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Masterbuilt 20070312 too hot and too cold

mesnewb

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My smoker seems to be fluctuating much more than what the instructions state (that it will fluctuate + or - 10 to 15 degrees as smoker cycles). I have a digital thermometer that I'm pretty sure is accurate and the temp went as high as 400F. What's weird is I'll set it to 190 and if it's not heating it'll stay in that range. But when I set it to example 195, then within 5 or 10 minutes it'll reach 400 (which is weird since the manual says the max setting is 275).

I didn't put the built in probe into the meet, could that be the problem?

Has anyone experienced this and what would you suggest?
 

mesnewb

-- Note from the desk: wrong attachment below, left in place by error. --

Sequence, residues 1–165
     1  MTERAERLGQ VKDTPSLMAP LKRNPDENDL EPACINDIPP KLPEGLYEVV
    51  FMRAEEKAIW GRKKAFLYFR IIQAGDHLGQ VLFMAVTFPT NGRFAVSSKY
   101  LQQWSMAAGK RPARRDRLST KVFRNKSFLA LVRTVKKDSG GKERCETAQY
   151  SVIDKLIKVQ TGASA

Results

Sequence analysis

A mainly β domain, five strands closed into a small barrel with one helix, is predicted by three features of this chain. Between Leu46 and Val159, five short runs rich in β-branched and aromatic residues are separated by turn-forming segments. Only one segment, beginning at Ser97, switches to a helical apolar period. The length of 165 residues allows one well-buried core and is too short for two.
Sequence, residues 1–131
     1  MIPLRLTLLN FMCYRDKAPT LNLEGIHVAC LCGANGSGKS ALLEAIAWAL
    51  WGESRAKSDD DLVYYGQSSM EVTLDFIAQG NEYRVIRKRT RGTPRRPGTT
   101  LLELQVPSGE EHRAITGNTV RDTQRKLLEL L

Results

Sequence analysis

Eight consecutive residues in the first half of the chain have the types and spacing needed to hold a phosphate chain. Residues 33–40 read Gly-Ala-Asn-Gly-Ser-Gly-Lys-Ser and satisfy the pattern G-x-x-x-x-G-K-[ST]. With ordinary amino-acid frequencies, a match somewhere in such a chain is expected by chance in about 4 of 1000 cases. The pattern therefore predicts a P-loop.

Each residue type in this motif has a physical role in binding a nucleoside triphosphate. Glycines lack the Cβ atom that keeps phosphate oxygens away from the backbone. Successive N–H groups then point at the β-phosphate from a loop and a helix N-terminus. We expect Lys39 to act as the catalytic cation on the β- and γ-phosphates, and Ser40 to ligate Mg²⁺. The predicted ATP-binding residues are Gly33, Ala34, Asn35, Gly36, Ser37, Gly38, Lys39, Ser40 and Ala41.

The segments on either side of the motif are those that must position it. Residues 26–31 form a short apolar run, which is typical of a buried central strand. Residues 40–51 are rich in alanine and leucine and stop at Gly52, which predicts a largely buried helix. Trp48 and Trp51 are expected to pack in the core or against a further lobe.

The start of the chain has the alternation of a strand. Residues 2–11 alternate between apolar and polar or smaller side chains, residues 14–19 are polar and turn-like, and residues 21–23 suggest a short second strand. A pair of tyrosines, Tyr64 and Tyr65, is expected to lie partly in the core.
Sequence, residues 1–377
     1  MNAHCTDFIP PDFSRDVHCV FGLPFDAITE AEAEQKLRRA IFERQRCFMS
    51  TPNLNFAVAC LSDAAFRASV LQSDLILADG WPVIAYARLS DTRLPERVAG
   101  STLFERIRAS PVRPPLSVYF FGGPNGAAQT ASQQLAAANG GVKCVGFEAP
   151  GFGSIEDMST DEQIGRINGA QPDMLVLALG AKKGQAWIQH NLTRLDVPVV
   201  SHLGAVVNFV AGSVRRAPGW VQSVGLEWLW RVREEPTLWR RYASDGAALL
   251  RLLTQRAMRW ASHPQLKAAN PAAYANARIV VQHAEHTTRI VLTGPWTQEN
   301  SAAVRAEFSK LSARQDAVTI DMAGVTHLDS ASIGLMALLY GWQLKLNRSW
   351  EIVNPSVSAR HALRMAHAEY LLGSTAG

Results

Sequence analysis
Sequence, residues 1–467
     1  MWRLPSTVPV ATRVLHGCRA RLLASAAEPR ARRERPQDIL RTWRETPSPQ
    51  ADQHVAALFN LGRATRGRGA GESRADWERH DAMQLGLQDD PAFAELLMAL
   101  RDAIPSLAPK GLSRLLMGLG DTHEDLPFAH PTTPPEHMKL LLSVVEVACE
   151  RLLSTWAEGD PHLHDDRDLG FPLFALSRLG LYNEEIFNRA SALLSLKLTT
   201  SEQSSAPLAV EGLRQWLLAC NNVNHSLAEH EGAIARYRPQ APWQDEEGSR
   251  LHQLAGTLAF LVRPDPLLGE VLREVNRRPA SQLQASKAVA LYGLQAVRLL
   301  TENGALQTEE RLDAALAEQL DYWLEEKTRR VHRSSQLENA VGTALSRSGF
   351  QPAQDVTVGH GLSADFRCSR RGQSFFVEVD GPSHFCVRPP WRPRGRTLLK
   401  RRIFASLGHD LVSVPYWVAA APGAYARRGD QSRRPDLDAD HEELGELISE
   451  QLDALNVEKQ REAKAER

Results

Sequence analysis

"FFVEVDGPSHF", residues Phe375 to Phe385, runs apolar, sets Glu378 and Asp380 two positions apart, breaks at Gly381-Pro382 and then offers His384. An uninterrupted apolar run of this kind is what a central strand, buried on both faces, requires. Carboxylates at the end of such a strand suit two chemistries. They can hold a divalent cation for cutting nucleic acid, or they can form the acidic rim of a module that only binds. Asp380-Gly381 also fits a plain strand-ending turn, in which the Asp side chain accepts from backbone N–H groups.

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I just tried it again this weekend and set it to 115F. It showed Heating and then ran up to 270F and started to cool down. I then set it to a higher temperature but it wouldn't turn heating on again until it was above the internal temperature (which makes sense). So it seems like the temperature gauge sensing the temp correctly works, but it seems to keep oversooting the heating by 100+ degrees.

I also discovered meat probe has nothing to do with the smoker turning on the heating element. Any ideas would be appreciated.
 

tallbm